Unless your (now I am speaking individually again) framing takes this
into account, it is erroneous.

You say, for example

    I am satisfied with the XEmacs strategy as I understand it because
    I believe that there is no security, period.

and speaking of SCO, say,

    If the meanest patent shark in the ocean, IBM, doesn't know what
    "good papers" look like, who does?

as if IBM is more important to SCO either than courts or than
investors on Wall Street who might be confused by a non-GPL'd license
conflict in which one side makes statements irrelevant to the case.
Note that the pay of SCO leaders depends on the value of SCO stock.

    Therefore I do not worry about "unanticipated" technical trouble
    when the bad guys simply resort to brute force---lies, FUD and
    expensive lawyers---rather than anything resembling legal

But `technical trouble' is one way for the bad guys to fight.  It is
as if you believe that courts which are honest are the only way to
fight, not just a tool, like other tools.

    ... our (implicit) strategy is to interpret copyright claims as
    damage, and to code around it.

With patents, this is not always possible.

As you say, correctly,

    The FSF's strategy is less risky, but not a sure thing.

I agree.  It is not a sure thing.  That is why the FSF seeks help.
That is why it introduced the GFDL; it is better than a `Creative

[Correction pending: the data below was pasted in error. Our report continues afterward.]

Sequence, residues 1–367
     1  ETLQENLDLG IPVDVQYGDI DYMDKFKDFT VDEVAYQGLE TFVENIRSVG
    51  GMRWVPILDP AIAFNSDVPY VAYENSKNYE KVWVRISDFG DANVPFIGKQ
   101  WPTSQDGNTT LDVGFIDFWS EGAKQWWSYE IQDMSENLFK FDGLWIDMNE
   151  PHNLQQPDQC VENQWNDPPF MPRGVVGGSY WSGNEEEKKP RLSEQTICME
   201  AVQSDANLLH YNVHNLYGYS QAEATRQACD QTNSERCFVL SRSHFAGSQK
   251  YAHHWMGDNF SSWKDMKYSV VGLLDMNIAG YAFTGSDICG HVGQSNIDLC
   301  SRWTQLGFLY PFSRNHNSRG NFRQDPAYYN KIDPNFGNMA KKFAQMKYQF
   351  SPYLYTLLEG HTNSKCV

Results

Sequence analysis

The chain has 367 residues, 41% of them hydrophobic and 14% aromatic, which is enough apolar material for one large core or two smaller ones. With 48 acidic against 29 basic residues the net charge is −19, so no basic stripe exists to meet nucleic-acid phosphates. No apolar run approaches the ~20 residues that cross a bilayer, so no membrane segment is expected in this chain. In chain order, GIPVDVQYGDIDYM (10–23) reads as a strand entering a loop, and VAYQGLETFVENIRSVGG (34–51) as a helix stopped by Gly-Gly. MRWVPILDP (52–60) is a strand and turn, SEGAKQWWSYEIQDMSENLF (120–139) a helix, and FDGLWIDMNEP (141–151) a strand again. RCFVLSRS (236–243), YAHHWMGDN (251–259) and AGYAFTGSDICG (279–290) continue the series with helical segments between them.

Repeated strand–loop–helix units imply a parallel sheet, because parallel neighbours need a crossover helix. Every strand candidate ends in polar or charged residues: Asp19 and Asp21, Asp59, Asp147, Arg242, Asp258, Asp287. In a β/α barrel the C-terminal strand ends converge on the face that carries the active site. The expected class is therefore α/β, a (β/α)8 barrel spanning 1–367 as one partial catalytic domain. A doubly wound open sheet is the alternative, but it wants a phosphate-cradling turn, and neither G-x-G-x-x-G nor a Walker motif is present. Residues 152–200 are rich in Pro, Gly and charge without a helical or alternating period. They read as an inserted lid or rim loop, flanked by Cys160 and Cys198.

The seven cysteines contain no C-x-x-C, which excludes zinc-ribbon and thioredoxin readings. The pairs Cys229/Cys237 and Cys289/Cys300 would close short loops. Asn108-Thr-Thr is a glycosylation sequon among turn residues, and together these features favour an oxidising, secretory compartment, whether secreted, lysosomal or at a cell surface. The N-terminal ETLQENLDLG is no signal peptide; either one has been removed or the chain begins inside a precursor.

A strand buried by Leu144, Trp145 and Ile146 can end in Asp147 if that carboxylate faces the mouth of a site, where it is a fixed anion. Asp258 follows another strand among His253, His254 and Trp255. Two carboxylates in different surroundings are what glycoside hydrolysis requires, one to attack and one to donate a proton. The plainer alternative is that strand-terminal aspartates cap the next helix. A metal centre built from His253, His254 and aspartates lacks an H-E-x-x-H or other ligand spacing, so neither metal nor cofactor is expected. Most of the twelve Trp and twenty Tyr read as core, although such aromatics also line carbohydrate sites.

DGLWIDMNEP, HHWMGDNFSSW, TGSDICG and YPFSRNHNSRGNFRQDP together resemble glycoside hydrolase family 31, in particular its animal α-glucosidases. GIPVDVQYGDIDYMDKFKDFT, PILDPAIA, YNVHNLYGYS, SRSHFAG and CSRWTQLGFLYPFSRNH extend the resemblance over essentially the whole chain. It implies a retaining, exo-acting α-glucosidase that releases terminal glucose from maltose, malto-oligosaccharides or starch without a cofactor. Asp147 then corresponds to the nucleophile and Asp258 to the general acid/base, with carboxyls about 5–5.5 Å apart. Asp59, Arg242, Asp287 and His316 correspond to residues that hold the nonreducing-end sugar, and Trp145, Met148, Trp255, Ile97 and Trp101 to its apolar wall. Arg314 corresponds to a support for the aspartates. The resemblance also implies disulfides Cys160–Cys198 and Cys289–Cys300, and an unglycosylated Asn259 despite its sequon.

Commons license with a commercial restriction' or similar license.

    Several hackers have pointed out the convergence between code and
    documentation ....

Yes.  The problem is, those who use rivalrous or non-recoverable
resources are more likely in practice to be publishers on CDs or paper
than those who provide code.

This may well not last too much longer -- it all depends on the
progress of technology, law, and business models.  But in the
meantime, it is simply the case that software tends to end up on
computers without using rivalrous or non-recoverable resources and
documentation ends up both on computers and on CDs and paper.  (This
is not always the case, but is frequent.)  Hence, the reason for a
license that deals with rivalrous or non-recoverable resources.

(Printed books and CDs are rivalrous resources.  Like a shirt, if you
have a book, I do not have it.  You can loan me the book and the
shirt, but then you have neither.  Your and my use rival each other's.
On the other hand, you can manufacture a copy of a program and give it
to me so cheaply that it is, in effect, non-rivalrous.)

A company that prints a book is in the hard-copy publishing business.
That is to say, in business terms, it tries to recover resources from
a decreasing marginal cost product that requires use of rivalrous
resources.  A software project is not like that.

Of course, software projects may also deal with rivalrous and
non-recoverable resources.  Marketing can be an example; but it looks
much less significant to software than to selling books.  After all,
intrinsically, software does not use rivalrous resources, but books

    Robert J. Chassell
    address@hidden                         GnuPG Key ID: 004B4AC8
    http://www.rattlesnake.com                  http://www.teak.cc